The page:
Back in September 2017 the website Win The House Of Your Dreams joined the throng of home competitions online. The prize, Reve House, is located on the banks of The River Thames at Caversham, Berkshire and at the time of the competition was valued at £3,500,000. To enter the competition, entrants needed to pay a hefty £25 plus 25p admin fee then go on to ‘spot the ball’. The competition ended on 28th March 2018 without enough tickets being sold to award the house as a prize.
Of all the win a house competitions we’ve covered, Reve House was the only one that completely went off radar without announcing a winner. Their website went offline, their Facebook page closed down and Twitter updates stopped. There were announcements regarding winners or the status of the competition. We understand that the owners had some kind of health emergency around the end of the competition but beyond that details are pretty scant.
Unfortunately the details remain scant despite Reve House this week becoming the subject of an Advertising Standards ruling. One complainant challenged – based on a Twitter advert – whether “the promotion had been conducted fairly; and the ads were misleading because they omitted the significant conditions or information” That information referred to a 25p transaction fee and the prize that’s awarded if not enough tickets are sold.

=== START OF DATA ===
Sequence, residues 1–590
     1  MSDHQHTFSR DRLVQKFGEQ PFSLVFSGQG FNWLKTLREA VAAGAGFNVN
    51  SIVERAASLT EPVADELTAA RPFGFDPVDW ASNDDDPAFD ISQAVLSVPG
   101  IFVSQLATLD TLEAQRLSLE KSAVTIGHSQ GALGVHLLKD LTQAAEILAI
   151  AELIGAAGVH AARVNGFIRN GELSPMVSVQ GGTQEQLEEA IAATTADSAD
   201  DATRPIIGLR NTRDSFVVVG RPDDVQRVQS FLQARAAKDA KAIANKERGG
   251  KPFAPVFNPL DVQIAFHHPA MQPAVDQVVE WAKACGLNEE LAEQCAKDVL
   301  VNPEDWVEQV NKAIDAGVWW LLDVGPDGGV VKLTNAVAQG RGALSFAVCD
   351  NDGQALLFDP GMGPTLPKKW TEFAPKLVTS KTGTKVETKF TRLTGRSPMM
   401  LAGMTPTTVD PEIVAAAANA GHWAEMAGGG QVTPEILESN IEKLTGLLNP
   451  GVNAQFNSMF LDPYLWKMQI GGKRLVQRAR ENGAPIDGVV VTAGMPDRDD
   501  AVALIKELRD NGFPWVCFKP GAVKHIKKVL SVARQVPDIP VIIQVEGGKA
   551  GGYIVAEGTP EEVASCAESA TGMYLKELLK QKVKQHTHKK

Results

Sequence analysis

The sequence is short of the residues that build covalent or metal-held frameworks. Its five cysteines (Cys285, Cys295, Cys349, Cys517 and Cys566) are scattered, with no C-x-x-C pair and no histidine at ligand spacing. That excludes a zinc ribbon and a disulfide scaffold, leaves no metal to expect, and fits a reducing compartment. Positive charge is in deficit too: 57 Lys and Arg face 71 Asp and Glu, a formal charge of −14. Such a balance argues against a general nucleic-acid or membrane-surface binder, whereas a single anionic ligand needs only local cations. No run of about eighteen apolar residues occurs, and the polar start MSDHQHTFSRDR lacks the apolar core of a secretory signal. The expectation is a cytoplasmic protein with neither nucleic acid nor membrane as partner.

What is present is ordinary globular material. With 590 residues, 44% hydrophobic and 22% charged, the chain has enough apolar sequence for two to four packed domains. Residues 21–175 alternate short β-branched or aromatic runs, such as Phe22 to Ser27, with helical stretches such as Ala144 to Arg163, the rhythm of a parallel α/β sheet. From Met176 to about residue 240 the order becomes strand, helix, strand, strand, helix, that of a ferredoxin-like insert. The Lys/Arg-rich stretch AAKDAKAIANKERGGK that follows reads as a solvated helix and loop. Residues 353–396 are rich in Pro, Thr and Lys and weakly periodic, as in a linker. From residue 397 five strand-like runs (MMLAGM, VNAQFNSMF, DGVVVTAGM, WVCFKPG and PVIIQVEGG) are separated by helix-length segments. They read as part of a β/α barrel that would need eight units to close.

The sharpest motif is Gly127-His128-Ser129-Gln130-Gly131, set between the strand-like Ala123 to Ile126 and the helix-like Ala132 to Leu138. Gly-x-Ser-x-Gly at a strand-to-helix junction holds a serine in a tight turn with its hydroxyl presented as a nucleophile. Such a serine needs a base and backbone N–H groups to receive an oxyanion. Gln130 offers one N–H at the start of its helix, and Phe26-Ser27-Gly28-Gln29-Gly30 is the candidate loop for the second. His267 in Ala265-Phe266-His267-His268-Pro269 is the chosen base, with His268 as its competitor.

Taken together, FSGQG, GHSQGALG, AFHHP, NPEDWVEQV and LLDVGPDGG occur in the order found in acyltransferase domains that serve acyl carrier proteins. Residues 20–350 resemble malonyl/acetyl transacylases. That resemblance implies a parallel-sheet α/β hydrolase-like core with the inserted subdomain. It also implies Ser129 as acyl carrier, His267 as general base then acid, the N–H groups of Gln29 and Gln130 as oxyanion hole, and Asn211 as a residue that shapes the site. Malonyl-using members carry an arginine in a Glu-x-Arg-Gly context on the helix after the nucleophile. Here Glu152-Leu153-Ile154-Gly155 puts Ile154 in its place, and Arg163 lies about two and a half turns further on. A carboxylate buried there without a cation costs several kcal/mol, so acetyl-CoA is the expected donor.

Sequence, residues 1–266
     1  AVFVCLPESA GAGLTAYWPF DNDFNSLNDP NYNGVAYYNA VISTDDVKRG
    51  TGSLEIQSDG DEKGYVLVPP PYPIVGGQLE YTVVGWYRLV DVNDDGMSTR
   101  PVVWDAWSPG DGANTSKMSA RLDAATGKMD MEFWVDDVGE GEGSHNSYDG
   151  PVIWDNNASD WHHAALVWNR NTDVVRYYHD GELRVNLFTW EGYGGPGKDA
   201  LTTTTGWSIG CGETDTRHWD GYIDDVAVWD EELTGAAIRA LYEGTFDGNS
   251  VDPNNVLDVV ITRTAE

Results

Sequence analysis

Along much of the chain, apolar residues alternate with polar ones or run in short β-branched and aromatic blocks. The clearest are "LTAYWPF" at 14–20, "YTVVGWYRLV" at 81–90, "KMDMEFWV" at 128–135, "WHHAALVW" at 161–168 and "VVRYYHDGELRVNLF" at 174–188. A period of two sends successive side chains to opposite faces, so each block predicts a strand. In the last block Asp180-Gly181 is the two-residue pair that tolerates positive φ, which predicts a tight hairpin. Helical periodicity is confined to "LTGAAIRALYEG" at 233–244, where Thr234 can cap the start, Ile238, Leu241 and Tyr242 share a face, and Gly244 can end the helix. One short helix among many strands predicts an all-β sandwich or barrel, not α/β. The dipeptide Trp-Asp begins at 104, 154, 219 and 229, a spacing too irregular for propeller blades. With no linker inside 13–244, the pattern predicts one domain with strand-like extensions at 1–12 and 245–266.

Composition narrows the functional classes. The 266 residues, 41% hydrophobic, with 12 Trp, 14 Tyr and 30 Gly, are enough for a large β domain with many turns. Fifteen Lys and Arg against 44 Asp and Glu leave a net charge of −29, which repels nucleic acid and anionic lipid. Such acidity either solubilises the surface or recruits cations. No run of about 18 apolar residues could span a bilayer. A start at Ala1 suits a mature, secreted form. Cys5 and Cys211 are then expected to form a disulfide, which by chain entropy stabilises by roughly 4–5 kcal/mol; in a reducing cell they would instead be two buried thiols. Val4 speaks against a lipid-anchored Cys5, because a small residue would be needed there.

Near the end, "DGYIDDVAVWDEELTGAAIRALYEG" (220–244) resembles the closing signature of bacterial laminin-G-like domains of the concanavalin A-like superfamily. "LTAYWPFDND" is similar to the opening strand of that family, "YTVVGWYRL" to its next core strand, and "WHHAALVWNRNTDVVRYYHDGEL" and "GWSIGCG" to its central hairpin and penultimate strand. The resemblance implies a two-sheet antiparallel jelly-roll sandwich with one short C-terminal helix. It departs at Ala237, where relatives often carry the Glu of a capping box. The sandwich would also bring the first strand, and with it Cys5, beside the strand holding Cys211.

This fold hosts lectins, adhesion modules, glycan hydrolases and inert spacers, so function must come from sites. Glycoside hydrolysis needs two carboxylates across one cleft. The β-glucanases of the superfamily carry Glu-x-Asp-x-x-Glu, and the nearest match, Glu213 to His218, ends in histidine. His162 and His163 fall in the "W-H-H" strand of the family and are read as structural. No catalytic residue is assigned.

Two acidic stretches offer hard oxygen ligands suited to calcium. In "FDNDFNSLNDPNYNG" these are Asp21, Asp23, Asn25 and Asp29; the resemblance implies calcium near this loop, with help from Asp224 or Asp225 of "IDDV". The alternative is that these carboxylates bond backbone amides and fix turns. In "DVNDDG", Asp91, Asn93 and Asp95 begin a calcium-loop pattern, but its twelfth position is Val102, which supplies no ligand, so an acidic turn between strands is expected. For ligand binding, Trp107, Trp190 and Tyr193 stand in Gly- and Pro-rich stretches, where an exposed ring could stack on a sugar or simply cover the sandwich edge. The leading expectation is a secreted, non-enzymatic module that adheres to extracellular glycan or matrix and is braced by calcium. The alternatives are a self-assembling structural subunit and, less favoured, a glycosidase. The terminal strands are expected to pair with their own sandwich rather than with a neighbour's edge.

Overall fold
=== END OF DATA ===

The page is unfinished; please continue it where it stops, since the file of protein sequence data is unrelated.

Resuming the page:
Spot The Ball
In terms of the conduct of the promotion ASA actually found for Reve House. They concluded that “the judging process for the Spot the Ball competition” was acceptable and not in breach of The Code. Interestingly the complainant said they disagreed with the judge’s location of the ball. This means that the owners of Reve House must have released this information as well as announce who won? We’d have liked ASA to reveal this information as part of their ruling assessment! Even better it’d be nice if Reve House published their results!
Reve House did come under fire due to their admin charge and the cash prize alternative. As entrants had no choice with respect to the admin charge, Reve House should have advertised the ticket price as £25.25. Therefore their ad was misleading. Similarly, ASA agreed that Reve House’s adverts focused on the house as the prize and that entrants could win it regardless of ticket sales. ASA concluded that “the cash alternative condition was not sufficiently prominent to alter that impression” and upheld this part of the complaint.
Slap On The Wrist
Unfortunately for disgruntled entrants Reve House’s owners got a slap on the wrist. They were told to make sure “future ads stated all significant conditions sufficiently prominently and that they awarded the prize described in the ad, or a reasonable equivalent”. Given that the property is now for sale with an estate agent we suspect the owners won’t be taking the competition route again.
So, despite ASA’s ruling, we’re none the wise about just how unsuccessful the Reve House competition was. We do know that they failed to sell enough tickets but there’s no indication of numbers, prizes or winners. ASA may have upheld complaints against Reve House, but they’ve not filled in the gaps of this particular house competition mystery.